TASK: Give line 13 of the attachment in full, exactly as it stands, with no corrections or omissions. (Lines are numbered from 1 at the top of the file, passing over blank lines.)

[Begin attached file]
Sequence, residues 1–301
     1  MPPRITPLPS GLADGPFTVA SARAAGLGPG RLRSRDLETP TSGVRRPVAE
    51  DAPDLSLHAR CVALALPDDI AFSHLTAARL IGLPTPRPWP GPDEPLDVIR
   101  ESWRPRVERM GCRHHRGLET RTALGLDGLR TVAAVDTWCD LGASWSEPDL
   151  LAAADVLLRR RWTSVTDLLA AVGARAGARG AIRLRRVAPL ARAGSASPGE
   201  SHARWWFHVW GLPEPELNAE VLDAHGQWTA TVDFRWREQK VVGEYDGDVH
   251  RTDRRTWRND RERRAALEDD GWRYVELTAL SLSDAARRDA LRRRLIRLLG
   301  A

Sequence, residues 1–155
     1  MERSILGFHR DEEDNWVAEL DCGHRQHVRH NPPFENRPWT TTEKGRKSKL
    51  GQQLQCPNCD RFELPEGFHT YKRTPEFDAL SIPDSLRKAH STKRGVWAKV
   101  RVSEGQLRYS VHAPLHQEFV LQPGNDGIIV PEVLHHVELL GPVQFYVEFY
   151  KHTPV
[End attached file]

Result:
   151  KHTPV